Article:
During the 2006-2007 college year, nonfederal loans peaked at 25% of the total educational loan volume. By 2006 2008, that percentage had dropped to 11% of total educational loan volume and by 2009-2010 the number fell to 8%. But theres a lot of student debt out there. In June of 2010, total student loan debt both private and federal was more than total credit card debt. And seasonally adjusted revolving credit debt, about 98% of which is credit card debt, topped $ 826.5 billion. $ 168 billion of the $ 830 billion in outstanding student debt is private student loans.
So while private lending rates are falling, there are still many, many students who are now paying off billions of dollars in private college loans. While revolving credit has been decreasing, due to new government rules about minimum credit card payments, lower credit limits, and the difficulty many people are experiencing in getting credit, student loans have soared.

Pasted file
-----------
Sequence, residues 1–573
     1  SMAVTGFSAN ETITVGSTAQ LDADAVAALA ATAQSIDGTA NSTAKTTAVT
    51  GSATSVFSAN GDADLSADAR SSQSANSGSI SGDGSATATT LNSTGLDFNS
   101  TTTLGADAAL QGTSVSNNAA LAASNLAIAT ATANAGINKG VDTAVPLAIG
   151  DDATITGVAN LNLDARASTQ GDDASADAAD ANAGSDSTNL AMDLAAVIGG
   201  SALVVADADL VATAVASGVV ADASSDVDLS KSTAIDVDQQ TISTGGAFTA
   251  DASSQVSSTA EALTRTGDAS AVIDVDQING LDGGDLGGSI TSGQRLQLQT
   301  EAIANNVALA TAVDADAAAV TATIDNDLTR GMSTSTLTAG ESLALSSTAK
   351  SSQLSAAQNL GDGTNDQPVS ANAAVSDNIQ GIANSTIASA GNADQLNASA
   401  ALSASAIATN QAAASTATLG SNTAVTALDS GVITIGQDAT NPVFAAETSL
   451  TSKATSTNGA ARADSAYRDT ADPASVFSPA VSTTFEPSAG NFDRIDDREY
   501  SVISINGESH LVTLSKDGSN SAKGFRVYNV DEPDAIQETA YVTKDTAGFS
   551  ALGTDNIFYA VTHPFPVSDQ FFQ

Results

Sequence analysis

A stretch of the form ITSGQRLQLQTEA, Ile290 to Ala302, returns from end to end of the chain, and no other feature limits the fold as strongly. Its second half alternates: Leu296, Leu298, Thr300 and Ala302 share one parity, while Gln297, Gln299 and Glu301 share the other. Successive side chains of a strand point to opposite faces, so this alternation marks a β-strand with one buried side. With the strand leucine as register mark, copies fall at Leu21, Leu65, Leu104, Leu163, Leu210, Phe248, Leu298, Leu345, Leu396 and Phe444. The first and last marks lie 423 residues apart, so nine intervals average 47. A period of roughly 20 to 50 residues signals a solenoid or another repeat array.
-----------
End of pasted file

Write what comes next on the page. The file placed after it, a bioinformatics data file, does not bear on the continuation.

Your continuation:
College costs have increased, families are economically strapped, and there just arent enough government grants now to keep students from taking out large student loans. As the amount of money available to students through Pell Grants and subsidized federal student loans decreased, students scrambled to pay college bills, resorting to private loans and credit cards. There are now as many students with outstanding student debt, much of it private loans, as there are students with credit card debt.
So whats the best way for students to manage their debt? First of all, those students who already have debt and are paying it down, need to decide which loans cost them the most and pay those down first. These loans are normally private student loans and credit card debt.
Students who are in college, or planning on attending college, should plan to live like students so they dont need to live like paupers after graduation. A student should take their planned career path into consideration when incurring debt. Then they should not borrow more than theyre going to be able to handle on the salary thats associated with their chosen career.
Students who need to borrow much money for college to attend college, should consider transferring to a less expensive school, changing their living arrangements, or working to pay some of their bills, rather than borrowing.